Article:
Aromatherapy Oil - What's So Bad About Synthetic Aromatherapy Oils?
Aromatherapy oil is a term that can be applied to both natural and synthetic oils. This can be very confusing if you already have concerns about synthetic oils. As reed diffusers and aromatherapy candles become increasingly popular, many buyers have probably had the experience of being disappointed in either the scent or effectiveness of the aromatherapy oil used in a product they have purchased. Neither of these issues can be entirely attributed to whether the oil is synthetic or natural.
The therapeutic effectiveness and scent of a natural aromatherapy oil can be affected by many thing, a few of which are: weather, soil, timing of cultivation, extraction method, and quality control. Though not many would argue for the therapeutic benefits of synthetic oils, they are less expensive that the natural oils, and often have a more potent scent. Unfortunately, because of the lower cost, and a common perception that more is better, many of the most readily available aromatherapy oil consumer products will contain either a low-grade natural oil or a synthetic oil.
So, if the disappointing scent and decreased effectiveness can be present in both natural and synthetic aromatherapy oils, does it really matter which you use? The answer to that can be found by looking at the physical creation of the synthetic oils. Synthetic oils differ from natural oils on a molecular level. After the initial excitement over synthetic chemicals calmed down and science advanced, we have discovered that what they first thought to be identical reproductions of natural substances are, in fact, much inferior and not structurally or functionally the same. Not only do they lack the therapeutic action of the natural substance, they could have potentially harmful side effect like headaches, skin irritations, and allergic reactions. Though not enough research has yet been done, there are concerns about the effects of the petroleum and turpentine products used in their creation since the small size of the molecules make them so readily absorbable through the skin. With an inferior but natural aromatherapy oil you might not experience the wonderful therapeutic benefits of a high quality oil. With a synthetic aromatherapy oil you run the risk of harmful side effects.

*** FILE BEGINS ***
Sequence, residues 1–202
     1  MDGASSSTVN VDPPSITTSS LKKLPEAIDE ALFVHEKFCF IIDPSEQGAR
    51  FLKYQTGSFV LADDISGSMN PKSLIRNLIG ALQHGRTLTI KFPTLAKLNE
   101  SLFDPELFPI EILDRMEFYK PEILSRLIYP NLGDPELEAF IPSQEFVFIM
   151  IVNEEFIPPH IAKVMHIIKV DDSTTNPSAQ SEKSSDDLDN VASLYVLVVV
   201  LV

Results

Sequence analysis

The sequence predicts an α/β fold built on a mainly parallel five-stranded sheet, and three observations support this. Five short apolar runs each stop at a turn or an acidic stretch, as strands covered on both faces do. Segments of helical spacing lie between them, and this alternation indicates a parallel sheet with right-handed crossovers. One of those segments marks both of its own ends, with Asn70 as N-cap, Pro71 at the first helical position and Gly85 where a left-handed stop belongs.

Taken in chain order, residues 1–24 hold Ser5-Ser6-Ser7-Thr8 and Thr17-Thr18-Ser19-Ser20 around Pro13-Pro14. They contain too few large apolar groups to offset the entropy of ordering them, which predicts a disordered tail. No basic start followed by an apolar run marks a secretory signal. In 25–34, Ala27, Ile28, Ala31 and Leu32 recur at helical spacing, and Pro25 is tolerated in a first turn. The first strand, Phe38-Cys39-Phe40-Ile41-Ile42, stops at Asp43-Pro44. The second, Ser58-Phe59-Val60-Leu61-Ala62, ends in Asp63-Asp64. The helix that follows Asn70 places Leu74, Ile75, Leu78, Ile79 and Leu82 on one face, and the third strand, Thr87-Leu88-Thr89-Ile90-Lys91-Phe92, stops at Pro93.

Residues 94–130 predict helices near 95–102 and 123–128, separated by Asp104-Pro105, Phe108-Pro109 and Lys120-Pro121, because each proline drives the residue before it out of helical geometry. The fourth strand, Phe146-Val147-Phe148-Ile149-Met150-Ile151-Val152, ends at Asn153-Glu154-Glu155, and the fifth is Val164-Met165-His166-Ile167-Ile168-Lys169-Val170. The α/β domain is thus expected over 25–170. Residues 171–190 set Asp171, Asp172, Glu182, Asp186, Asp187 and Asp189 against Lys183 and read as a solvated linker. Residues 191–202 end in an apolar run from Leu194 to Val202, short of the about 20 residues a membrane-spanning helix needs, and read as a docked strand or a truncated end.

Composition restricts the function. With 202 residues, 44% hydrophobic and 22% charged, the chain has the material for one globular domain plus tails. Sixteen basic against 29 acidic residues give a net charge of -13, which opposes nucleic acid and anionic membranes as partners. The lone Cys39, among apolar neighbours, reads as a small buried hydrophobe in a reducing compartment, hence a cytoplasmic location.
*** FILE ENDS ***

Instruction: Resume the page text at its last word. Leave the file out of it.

So, how can you spot a synthetic oil or a product that uses synthetic oils? One of the biggest giveaway is if it is called a perfume or fragrance oil. Unless stated otherwise, most perfume oils are mostly synthetic. The perfume industry is interested in aroma and synthetic oils offer economy and often a more potent aroma. High quality perfume oils made with real aromatherapy oils are available and are well worth the effort to find. Aside from avoiding the harmful side effects of the synthetic oils, your could also be enjoying the benefits of true aromatherapy. Other signs of synthetic oils are essential oils only available as synthetics (magnolia, peach, apple, carnation, coconut, etc), and very expensive oils at very low prices. If I found any of theses in a line of aromatherapy oils I would be very suspicious of the whole line.
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